We started the next day with a 4:30am pickup. I chose a tour company from Air BnB excursions – mainly because they were small, had an air conditioned van, water, cool towels and had excellent reviews. Reviews that specifically mentioned how the tour took a slightly different route than other big tour buses. Surprisingly the kids were in good spirits. We parked on the east side and walked up a long pathway flanked by trees and jungle it was dawn light pale and slightly misty. The temple emerged from the jungle. Honestly it might be impossible to describe. It is totally awe inspiring. Angkor Wat is a huge temple that is surrounded by a moat. It is essentially a microcosm of the Hindu universe, mystical and moving. The carvings, etchings and reliefs tell the story of creation as well as depicting other teachings. Unfortunately the kids were not awestruck which is something that we had sort of guessed would happen. I held out hope but it just wasn’t to be – this was keeping in line with many other parents descriptions of kids at Angkor Wat. It was just too hot, the distances to walk were too long and the stairs were too steep. On top of this we got separated – Chris with Anderson and myself with Sabine and none of us with our group. When that minor fiasco was cleared it left Chris in a frustrated mood that was exacerbated by the tour taking the EXACT same route as all the giant Chinese tour buses. There is no love lost between the Cambodians and Chinese. This we heard frequently from Cambodians – always big loud groups. Directing us to stay away from places that are over run with Chinese. It’s never nice to be confronted with blatant racism. I think it’s more of a volume issue – the tour busses are full so of course that many people are loud. We got a little taste of the sheer volume. This sardine like atmosphere combined with the extreme heat and total assholery of the kids set off Chris further because he had specifically not wanted to follow the tour. This is also combined with his desire to stay off the beaten path – which I felt was nearly impossible if not totally impossible at a world renown historical site….. anyway it was one for the books – the highs of seeing these beautiful and impossible to fully take in temples coupled with my intense annoyance with my family. We honestly didn’t even debrief through the experience for a few days. We just got home – hit the the pool and lay in air conditioning until going to the circus in the evening.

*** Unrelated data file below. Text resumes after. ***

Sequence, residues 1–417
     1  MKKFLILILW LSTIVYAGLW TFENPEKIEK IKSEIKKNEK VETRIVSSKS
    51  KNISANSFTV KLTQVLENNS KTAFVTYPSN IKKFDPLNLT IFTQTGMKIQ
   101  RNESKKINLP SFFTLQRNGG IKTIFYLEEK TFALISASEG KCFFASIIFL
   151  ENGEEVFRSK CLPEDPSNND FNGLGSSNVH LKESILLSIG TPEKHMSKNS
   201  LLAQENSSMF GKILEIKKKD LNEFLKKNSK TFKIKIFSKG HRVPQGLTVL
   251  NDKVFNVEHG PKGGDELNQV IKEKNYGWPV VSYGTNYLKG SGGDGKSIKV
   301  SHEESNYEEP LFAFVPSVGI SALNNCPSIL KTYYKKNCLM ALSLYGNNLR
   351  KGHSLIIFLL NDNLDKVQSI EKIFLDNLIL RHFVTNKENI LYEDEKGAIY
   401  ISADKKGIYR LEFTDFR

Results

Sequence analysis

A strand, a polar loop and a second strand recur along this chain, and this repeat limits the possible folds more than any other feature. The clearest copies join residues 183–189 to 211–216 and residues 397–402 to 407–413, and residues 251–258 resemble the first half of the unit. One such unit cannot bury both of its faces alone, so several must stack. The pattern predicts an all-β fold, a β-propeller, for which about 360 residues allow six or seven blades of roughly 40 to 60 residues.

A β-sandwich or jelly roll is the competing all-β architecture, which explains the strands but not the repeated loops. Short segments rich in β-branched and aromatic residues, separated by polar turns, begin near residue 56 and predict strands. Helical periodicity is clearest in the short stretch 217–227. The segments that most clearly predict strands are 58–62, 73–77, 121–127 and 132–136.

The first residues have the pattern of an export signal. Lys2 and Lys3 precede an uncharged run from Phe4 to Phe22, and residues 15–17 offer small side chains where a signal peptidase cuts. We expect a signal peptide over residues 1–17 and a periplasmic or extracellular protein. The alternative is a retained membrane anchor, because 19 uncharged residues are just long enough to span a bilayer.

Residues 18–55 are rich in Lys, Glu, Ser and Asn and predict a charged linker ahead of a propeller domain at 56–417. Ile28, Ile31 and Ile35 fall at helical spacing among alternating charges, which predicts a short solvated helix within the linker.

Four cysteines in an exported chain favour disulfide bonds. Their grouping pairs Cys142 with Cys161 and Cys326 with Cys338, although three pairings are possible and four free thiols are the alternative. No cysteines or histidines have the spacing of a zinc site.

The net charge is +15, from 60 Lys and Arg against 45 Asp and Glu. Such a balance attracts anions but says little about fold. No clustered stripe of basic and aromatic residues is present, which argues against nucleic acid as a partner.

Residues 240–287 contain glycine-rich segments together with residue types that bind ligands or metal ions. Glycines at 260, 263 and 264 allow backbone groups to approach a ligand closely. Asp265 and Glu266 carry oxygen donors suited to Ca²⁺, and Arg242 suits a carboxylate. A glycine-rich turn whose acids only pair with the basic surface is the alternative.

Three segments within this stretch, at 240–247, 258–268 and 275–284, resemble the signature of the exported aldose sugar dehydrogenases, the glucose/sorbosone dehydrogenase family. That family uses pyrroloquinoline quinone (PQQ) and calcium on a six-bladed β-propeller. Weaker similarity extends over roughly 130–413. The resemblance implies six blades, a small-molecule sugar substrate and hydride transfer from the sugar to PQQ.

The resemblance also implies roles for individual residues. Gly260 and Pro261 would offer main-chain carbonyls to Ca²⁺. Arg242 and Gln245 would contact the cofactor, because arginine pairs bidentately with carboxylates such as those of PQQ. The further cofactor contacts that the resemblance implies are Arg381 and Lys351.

Angkor Wat cropping out people to get the shot
Crowds waiting to take the iconic shot
People enjoying what I came to enjoy how dare they
Sure he looks happy ….. also I need a hair dye
Looks peaceful – it is so stunning in real life
Nothing like some monks strolling around Angkor Wat
Lotus flowers and lily pads
This guy just watching and waiting
Story of war fought
I would put this face on a temple
Trying to learn in the heat
The circus was amazing – no animals it was more of a cirque de Soleil style. What I have seen in Cambodia is a very strong drive to foster the arts and to provide places to learn and grow as artists. The country is still actively healing and growing after war. We were asked frequently if we had been to the Killing Fields or the museum – I always felt the need to explain that we chose not to take the kids – we want to focus on the positive and peace building side. People nod in agreement but I felt like part of the healing for them is having that horror seen and exposed. To better understand Cambodia and the strength of the people. We did stop at Apopo – a nonprofit humanitarian de mining agency that trains and uses giant rats to sniff out land mines. The was a big stop on our “peace” tour and even though the rats were cool – it was so hot the kids were more cranky than enlightened. This circus was similar to the dance show we saw in Siem Reap in that it was funded and supported for working with disadvantaged youth and providing a place to foster and grow talent as well as keep some art forms alive. The performers were incredible and it was a great night for all of us.
The street outside our hotel
We worked through some of our temple trauma to manage two more trips back to the temples. An evening drive past rice paddies and lotus fields with perfect rows of thatched roofs, restaurants with hammocks adjacent to every table led us to Banteay Srei. Temples atop a small mountain or really more of a large hill. We hiked up carrying some street food snacks that our wonderful driver had helped us procure. Rambutan, mango salad and bbq chicken. The best part was seeing the countryside stretch out from the base of the “mountain”. Patchwork of rice paddies with huge fires burning – at the end of the dry season the farmers burn their land to fertilize the soil and prepare for planting. Unfortunately we didn’t get a crazy sunset because is was overcast and a little smokey from the fires. The temples at the top were crumbling and closed off to the public but we could hear them teeming with bats. Just about a minute after the sun dipped below the horizon the bats winged out en masse through the dusk air. Anderson spotted the huge wave of them cutting through the sky and exclaimed loudly enough to gather people nearby to watch the excitement.